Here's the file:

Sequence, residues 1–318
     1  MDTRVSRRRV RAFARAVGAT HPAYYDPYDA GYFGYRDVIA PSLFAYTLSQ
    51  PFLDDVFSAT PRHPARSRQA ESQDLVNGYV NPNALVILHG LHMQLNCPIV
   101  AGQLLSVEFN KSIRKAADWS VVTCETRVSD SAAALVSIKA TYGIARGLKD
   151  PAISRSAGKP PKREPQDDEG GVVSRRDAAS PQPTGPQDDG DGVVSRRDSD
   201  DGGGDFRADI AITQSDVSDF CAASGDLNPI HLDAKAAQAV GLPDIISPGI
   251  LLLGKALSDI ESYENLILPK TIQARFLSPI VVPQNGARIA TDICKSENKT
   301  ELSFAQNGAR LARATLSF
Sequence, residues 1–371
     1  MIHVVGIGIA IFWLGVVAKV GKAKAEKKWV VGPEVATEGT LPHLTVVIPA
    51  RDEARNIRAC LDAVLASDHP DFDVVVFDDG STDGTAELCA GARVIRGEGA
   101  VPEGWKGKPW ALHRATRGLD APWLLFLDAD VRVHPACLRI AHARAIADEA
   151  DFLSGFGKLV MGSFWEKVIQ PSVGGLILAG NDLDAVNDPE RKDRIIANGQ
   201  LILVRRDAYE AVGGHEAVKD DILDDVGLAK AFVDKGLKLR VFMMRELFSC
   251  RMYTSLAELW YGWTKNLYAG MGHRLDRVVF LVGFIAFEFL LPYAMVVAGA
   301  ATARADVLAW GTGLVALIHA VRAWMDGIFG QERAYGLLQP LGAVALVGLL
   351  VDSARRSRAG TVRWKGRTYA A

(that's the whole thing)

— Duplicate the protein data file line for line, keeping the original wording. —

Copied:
Sequence, residues 1–318
     1  MDTRVSRRRV RAFARAVGAT HPAYYDPYDA GYFGYRDVIA PSLFAYTLSQ
    51  PFLDDVFSAT PRHPARSRQA ESQDLVNGYV NPNALVILHG LHMQLNCPIV
   101  AGQLLSVEFN KSIRKAADWS VVTCETRVSD SAAALVSIKA TYGIARGLKD
   151  PAISRSAGKP PKREPQDDEG GVVSRRDAAS PQPTGPQDDG DGVVSRRDSD
   201  DGGGDFRADI AITQSDVSDF CAASGDLNPI HLDAKAAQAV GLPDIISPGI
   251  LLLGKALSDI ESYENLILPK TIQARFLSPI VVPQNGARIA TDICKSENKT
   301  ELSFAQNGAR LARATLSF
Sequence, residues 1–371
     1  MIHVVGIGIA IFWLGVVAKV GKAKAEKKWV VGPEVATEGT LPHLTVVIPA
    51  RDEARNIRAC LDAVLASDHP DFDVVVFDDG STDGTAELCA GARVIRGEGA
   101  VPEGWKGKPW ALHRATRGLD APWLLFLDAD VRVHPACLRI AHARAIADEA
   151  DFLSGFGKLV MGSFWEKVIQ PSVGGLILAG NDLDAVNDPE RKDRIIANGQ
   201  LILVRRDAYE AVGGHEAVKD DILDDVGLAK AFVDKGLKLR VFMMRELFSC
   251  RMYTSLAELW YGWTKNLYAG MGHRLDRVVF LVGFIAFEFL LPYAMVVAGA
   301  ATARADVLAW GTGLVALIHA VRAWMDGIFG QERAYGLLQP LGAVALVGLL
   351  VDSARRSRAG TVRWKGRTYA A